A meal of boar sounds so exotic. So wild. So feral.
And, yes, that would be true if we were talking wild boar. But, in fact, a domestic boar is simply an intact male pig. As opposed to barrows, or castrated pigs. And, in case you're wondering, female pigs can be either gilts--never bred--or sows--those females that have had at least one litter.
|Meet a boar. Photo courtesy of Dave Heafner|
So, now that we've clarified that, on to the boar. Dave Heafner of Da-Le Ranch in Lake Elsinore and a longtime farmers market vendor is now selling boar meat from animals he and his family are raising. Since they're processing the boar at a custom facility, he's not allowed to sell individual pieces so he's selling them in packages of eighths, quarters, halves, and whole. A quarter, for instance is $6.75 a pound and generally runs between 25 and 35 pounds. Cuts can include neck bones, shoulder roast, shoulder steaks, pork chops, tenderloin, ribs, belly, leg roast, leg steaks, shank, foot, jowl, sometimes organs (if requested), and even sausage. Yes, that's a lot of meat -- but families have been known to get together and share orders.
Dave sent me some samples of chops that he cut up for his family and last week I prepared one simply indoors on my stovetop grill, accompanied by a savory apple pumpkin chutney, made with Jackie's Jams pumpkin butter, fresh sage leaves, and honey crisp apples from Smit Orchards.
This particular chop was about 11 ounces, so it was large enough for me to enjoy for two meals but some of the chops are smaller and suited for one portion. They come frozen, so defrost overnight in the refrigerator and then let it sit for about 20 minutes at room temperature before grilling. I just added salt and pepper to each side before putting it on the heat.
Give it about five minutes on each side. While it's cooking you can prepare the chutney. You'll be sauteeing the sliced apples with sliced red onions and sage leaves in olive oil. Then add a couple of splashes of Madeira and a pinch of salt.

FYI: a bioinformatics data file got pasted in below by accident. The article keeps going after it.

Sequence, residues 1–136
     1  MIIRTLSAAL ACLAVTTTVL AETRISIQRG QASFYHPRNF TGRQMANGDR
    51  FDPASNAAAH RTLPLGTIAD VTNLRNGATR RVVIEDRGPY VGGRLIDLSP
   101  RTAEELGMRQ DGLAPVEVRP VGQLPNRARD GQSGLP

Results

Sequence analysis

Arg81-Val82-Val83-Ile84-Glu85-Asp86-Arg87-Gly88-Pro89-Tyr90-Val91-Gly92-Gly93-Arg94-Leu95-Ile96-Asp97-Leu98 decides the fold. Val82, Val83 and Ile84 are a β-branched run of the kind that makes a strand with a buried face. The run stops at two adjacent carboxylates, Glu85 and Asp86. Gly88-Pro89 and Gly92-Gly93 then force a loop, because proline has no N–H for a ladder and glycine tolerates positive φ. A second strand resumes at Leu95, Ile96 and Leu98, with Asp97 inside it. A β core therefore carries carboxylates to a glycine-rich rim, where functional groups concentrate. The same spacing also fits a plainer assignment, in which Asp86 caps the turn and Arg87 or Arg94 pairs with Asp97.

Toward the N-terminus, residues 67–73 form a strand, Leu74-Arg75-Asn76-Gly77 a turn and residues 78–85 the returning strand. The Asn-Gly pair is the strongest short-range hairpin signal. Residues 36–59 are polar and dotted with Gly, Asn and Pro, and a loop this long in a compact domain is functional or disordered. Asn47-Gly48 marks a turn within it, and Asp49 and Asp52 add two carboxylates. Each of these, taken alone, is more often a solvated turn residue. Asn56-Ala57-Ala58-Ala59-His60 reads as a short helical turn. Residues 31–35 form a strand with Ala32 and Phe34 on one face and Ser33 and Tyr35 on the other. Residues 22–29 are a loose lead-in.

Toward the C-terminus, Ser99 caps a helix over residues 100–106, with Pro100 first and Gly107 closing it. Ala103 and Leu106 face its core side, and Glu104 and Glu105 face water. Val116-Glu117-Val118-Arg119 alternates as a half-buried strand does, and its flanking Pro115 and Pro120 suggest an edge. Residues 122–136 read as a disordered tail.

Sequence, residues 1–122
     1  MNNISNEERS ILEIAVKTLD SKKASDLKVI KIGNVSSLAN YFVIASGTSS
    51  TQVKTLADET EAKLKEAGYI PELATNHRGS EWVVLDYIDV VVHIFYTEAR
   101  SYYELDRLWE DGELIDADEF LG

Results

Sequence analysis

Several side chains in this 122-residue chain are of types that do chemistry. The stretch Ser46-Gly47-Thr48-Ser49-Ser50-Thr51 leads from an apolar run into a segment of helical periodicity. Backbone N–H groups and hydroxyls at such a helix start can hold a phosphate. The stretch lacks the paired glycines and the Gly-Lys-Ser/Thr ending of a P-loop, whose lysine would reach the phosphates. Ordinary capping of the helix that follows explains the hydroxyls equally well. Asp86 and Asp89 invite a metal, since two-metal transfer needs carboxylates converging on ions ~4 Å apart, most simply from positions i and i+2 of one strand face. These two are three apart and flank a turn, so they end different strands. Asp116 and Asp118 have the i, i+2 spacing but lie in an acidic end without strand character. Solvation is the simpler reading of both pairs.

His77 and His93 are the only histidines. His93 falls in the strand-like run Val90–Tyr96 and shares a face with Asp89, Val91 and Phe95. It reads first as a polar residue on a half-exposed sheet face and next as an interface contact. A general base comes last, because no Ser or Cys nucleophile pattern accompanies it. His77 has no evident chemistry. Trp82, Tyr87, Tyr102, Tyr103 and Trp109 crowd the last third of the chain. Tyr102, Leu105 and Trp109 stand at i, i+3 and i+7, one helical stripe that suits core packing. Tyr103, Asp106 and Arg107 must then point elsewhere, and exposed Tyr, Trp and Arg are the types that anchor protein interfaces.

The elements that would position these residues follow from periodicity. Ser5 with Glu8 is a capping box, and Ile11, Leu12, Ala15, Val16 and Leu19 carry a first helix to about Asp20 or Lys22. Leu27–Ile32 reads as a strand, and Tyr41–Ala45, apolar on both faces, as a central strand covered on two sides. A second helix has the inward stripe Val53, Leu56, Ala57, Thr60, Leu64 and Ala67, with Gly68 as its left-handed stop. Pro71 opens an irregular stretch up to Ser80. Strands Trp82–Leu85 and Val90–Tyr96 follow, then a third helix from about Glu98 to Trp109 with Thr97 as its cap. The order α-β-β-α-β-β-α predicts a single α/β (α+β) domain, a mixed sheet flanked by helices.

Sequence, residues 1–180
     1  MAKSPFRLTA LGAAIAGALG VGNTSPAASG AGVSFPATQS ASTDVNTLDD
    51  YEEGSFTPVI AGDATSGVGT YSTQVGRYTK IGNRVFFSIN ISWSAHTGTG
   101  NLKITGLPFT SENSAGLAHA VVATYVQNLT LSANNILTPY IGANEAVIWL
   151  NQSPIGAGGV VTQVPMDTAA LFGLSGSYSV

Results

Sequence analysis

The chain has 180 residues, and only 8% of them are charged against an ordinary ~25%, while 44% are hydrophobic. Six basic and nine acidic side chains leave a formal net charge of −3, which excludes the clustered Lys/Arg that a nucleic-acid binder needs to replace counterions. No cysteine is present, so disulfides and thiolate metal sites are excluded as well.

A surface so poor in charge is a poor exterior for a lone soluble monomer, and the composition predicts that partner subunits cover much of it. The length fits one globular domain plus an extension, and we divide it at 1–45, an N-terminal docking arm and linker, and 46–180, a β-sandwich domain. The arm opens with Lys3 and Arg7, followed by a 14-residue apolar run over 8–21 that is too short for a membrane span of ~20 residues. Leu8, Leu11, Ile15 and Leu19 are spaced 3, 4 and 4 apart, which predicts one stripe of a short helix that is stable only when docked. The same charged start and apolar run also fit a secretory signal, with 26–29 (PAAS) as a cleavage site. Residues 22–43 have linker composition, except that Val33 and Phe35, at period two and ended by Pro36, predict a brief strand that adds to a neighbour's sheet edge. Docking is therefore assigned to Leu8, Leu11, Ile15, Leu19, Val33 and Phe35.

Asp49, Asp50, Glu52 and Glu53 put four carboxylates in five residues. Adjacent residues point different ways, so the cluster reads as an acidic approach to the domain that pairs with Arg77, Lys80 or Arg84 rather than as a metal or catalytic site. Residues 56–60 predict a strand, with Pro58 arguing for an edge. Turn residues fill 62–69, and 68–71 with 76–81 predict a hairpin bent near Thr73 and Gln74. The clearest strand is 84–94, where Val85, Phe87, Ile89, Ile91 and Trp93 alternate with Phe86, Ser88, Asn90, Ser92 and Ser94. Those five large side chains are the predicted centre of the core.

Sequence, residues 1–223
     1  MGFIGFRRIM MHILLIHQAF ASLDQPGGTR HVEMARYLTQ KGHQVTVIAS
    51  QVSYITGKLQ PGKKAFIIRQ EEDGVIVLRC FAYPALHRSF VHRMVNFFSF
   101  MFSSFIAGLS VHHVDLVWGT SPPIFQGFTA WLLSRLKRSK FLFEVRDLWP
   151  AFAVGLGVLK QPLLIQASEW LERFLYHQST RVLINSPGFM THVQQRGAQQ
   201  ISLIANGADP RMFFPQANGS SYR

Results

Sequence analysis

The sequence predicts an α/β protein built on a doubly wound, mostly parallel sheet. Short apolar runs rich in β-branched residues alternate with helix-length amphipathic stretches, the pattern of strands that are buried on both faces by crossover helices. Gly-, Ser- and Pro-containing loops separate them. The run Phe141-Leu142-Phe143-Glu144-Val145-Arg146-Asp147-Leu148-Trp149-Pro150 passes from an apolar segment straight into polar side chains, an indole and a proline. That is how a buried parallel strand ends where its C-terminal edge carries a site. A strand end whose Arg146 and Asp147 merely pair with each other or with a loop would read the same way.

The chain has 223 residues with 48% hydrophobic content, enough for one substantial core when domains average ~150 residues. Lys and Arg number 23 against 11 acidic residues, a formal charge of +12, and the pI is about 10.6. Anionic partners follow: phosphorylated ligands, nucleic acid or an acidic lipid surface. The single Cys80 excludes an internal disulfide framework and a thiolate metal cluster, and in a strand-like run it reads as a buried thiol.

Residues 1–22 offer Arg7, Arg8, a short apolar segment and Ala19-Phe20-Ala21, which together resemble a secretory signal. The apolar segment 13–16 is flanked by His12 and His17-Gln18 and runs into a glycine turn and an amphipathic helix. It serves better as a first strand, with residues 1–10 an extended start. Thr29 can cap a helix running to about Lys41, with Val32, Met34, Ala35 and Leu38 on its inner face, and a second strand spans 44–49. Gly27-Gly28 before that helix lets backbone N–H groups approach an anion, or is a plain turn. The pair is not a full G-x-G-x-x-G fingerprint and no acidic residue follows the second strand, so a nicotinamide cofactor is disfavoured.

Pull the chop off the grill and let it rest. Then remove the apples from the heat and stir in a couple of tablespoons of the pumpkin butter, which includes the piquant spices you associate with a chutney, and mix it up.
I cut off the long strip of fat along the side but the rest of the fat within the chop seemingly melted away, leaving a tender, moist, sweet piece of meat with far more flavor than the plastic-wrapped chops you'll find in the supermarket. The apples, onions, and pumpkin butter add an earthy, tangy sweetness that's intensified with the Madeira. It's truly a cozy fall meal, even better served with bitter sauteed greens like Swiss chard or kale.
Grilled Boar Chops with Apple Pumpkin Chutney
Typically, chutney is a mix of fruit with spices and herbs. And that's what you'll find here, except that since the pumpkin butter already is filled with cinnamon, cloves, allspice, and nutmeg, there's no need to add any more spices. I added common sage from my garden to give some warm pungency. Plus, sage is known for aiding in the digestion of fatty foods and is the perfect--and traditional--accompaniment to pork.
2 apples, peeled, cored, and sliced thin
2/3 cup red onions, sliced
6 fresh sage leaves, chopped
2 tablespoons olive oil
A couple of splashes of Madeira
Pinch of salt
4 tablespoons Jackie's Jams Pumpkin Butter
1. Oil the grill and heat to high. Season the chops with salt and pepper and place on the grill. Cook about five minutes on each side for medium doneness.
2. Heat olive oil in a saute pan and cook the onions at medium heat until they just turn brown. Add the apple slices and sage and cook for five minutes.
3. As the apples soften, add a couple of splashes of Madeira and a pinch of salt. Turn up the heat to medium high and continue cooking until the apples start to brown. Add a tad more liquid if the mixture dries out. You want the liquid to just evaporate when done.
4. Remove the chops from the heat and let rest. Remove the apple mixture from the heat. Stir in the pumpkin butter. Plate the chops and serve with the chutney.